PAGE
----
The whipsaw of mood One way to begin phasing fear out of your life is to start eliminating this antiquated concept known as bad news. Because it’s that whipsaw of polarizing mood swings between good news and bad news that sucks all the courage and creativity out of your system. I read an interesting book that I’d bought when Terry Hill and I did a bookstore walking tour of New York. It was Steven Johnson’s Everything Bad is Good for You. It’s a wonderful book that explains why the human race is getting brighter every day. It’s because of (not in spite of) our pop culture of computer games, video games, quiz shows and movies like Memento. He devoted a lot of pages to what he considered to be the forerunner of high-IQ games, APBA Baseball! That was a game Terry and I played a lot as kids, so it was great to get confirmation that the very playing of that game boosted our IQs into the stratosphere. I played these games for hours with Terry when we were young. Computers weren’t around. We did what we could for mental amusement. Our parents thought the games were bad for us. Baaaad for us! Bad news! Our parents simply didn’t know. Looking back on your life, you’ll notice that “bad news” wasn’t always such bad news. It often—in fact, almost always— turned out to be for the best. Losing one thing creates a vacuum for something better to fill in. It’s the way of the universe. Like Leonard Cohen sings, there is a crack in everything. That’s how the light gets in. 105
I was in a company once that suffered a total collapse in the face of violations, lawsuits and more trouble than I’ll want to recount. Bad news, right? Everyone was out of a job overnight. Including me! It was horrible. Or so I thought. Until I finally looked at what profession I would do next and chose this work I’m doing now—I may never have done this work were it not for that bad news. So today, whenever “bad news” arrives, I want to turn it over and over before I label it. I want to hold it up to the sun until I can see the gold in it. I owe a lot to bad news in my life. It has always been beneficial. I can’t tell you how many times people, when telling their life stories say, “I was really upset about that at the time but it turned out to be the best thing that ever happened to me.” Time turns bad into good. But so does wisdom. The wisdom to know the difference. Here and now. The wisdom to not judge or give events and situations a positive or negative charge. Why keep letting the radio fall into your bathtub? A fearless life will never depend on the news that comes in today. A fearless life will depend on the gentle spirit already inside you … the one that you’re relaxing into right now.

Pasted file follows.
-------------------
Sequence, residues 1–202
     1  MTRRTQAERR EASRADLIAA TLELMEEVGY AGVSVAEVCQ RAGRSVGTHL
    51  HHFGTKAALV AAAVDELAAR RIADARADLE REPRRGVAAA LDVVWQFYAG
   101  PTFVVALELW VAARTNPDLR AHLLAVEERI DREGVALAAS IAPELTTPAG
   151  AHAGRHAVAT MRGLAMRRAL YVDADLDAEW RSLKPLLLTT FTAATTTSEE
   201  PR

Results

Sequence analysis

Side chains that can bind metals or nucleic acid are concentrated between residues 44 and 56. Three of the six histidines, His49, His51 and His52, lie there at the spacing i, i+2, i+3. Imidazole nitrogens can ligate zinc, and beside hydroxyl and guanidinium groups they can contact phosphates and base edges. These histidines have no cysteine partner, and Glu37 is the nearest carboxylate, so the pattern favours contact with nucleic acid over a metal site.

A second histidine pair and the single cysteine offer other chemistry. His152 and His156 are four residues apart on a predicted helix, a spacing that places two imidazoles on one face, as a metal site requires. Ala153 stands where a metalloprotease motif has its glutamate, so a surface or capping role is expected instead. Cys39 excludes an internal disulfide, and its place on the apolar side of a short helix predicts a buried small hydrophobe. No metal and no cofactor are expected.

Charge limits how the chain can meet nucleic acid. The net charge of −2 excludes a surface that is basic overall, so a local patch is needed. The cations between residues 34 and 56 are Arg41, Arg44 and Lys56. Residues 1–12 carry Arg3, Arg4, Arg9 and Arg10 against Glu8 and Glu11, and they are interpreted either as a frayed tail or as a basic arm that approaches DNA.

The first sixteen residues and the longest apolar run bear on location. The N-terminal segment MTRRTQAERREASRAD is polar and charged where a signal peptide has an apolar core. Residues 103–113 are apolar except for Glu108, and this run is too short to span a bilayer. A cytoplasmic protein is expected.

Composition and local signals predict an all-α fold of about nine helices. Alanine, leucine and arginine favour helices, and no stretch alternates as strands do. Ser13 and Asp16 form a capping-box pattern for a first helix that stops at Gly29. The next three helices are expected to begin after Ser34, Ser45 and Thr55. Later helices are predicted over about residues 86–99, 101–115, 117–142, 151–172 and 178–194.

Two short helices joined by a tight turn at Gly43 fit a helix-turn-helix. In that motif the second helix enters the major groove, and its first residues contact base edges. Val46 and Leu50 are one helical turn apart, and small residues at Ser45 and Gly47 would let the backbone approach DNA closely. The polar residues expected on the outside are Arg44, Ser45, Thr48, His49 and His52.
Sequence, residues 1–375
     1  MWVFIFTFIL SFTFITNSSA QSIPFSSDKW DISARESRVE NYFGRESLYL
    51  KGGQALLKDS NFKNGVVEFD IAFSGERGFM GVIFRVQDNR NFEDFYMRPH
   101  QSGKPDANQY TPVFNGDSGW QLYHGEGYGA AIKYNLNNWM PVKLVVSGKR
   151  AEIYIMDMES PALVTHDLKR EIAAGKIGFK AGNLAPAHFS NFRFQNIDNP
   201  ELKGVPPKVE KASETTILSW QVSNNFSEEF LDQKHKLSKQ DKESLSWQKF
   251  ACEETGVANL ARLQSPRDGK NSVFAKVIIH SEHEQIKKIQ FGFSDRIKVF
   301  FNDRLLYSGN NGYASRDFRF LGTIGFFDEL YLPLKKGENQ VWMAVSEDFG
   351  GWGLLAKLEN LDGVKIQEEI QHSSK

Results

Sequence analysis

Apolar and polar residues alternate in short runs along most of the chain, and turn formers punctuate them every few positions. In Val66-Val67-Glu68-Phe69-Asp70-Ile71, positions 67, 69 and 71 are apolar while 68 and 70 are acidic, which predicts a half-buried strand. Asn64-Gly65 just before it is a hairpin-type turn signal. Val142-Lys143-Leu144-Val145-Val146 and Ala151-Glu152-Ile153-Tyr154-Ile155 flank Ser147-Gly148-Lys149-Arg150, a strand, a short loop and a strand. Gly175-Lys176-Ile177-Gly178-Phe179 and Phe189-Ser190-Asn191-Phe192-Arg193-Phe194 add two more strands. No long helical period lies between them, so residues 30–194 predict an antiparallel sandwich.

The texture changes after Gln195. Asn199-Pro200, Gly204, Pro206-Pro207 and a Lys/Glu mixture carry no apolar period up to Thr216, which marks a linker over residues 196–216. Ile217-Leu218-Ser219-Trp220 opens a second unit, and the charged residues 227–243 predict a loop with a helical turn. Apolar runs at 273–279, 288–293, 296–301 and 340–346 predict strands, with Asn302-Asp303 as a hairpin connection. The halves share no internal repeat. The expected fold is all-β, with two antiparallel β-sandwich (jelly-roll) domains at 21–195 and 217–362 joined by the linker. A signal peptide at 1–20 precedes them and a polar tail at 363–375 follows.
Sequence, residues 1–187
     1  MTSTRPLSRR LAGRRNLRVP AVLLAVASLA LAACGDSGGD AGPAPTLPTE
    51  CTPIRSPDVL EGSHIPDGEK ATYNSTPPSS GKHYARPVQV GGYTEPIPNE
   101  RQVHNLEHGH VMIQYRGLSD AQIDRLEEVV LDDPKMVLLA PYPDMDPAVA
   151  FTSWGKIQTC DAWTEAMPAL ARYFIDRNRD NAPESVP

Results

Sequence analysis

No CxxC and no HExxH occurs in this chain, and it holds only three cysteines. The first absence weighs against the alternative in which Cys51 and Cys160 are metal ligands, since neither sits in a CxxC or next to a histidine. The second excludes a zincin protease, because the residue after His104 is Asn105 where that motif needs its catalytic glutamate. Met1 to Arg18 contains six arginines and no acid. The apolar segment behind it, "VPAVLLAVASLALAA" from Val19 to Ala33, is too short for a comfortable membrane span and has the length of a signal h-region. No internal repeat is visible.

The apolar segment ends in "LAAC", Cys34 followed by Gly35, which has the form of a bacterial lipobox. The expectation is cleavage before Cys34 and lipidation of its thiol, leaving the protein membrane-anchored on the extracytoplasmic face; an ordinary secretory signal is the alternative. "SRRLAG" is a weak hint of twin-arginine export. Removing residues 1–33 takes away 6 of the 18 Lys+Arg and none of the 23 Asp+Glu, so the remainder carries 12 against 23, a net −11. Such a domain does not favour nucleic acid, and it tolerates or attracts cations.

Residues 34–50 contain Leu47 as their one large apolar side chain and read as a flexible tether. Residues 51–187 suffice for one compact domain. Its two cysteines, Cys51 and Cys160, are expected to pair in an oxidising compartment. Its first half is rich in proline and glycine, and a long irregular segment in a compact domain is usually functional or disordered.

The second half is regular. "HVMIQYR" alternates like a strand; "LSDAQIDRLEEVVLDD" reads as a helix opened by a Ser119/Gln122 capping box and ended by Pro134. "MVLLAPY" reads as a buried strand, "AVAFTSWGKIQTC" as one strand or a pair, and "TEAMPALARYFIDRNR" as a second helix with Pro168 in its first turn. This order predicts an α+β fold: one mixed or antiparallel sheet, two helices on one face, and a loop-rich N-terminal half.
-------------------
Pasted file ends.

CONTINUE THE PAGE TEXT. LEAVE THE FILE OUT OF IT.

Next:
Getting beyond bad and good One of the guests at a party I attended a year ago asked me what the curriculum focus was at the University of Santa Monica, where I was doing some teaching at the time. When I said, “Spiritual Psychology,” he let out with a yawp, a kind of subhuman braying, a cynical laugh, signifying to me that he was intellectually superior to anything that sounded like “new age” nonsense to him, and that he preferred to take his pessimism STRAIGHT...the New York Times was all he needed to read to know the psychology of the human species through and through. I surely don’t blame anyone for skepticism, but the irony is that USM is actually more intellectually advanced than the old school gray lady psychologies. It not only embraces the best of traditional psychology and incorporates it, but adds so many more dimensions. These are only termed as “spiritual” because we’ve run out of words for their depth. And their depth is only known by the profound effects of the work they do. I myself have participated in all kinds of psychotherapy and groups, and almost any treatment or self-help known to our age, and what distinguishes this school is its effectiveness, and the mood and spirits of its grads. The people I work with there are both brilliant and happy. The New York Times says you can’t be both. It says that if you’re brilliant you’re condemned to be a pessimist. A nihilist even. The more you know the worse it gets. So for them it’s easier to think of all “new age” as the same laughable thing: crystals, pyramids, channeling, etc. Just as it’s easier to think all Republicans, or all Democrats, or all Israelis, or all Mexicans are 107
alike. It’s easier to think in labels and categories. It’s easier to judge than to understand. Understanding takes real work. Why not just kill the people we don’t understand? Label them first. Demonize them. Then go after them with homemade bombs on a mission from God. This guest at the party with the instant laugh was haunted by the demons of right and wrong. He’s made himself into a very limited person by the torment of constantly trying to decide who’s good and who’s bad. I have a friend I will call Frank who—no matter when I call him—is either in a good mood (because of good news that has come in) or in a bad mood (because, of course, of the bad news he’s just received). “How are you doing, Frank?” “Oh, it’s not good right now.” “What’s up?” “My book got rejected by the one publisher I thought would want it.” “So what’s Plan B?” “Well I didn’t have any Plan B because I really had my hopes up for this and it’s just going to take a while for me to process the disappointment.” “You’re the master, though, Frank. You’re so practiced in this.” “The master of what?”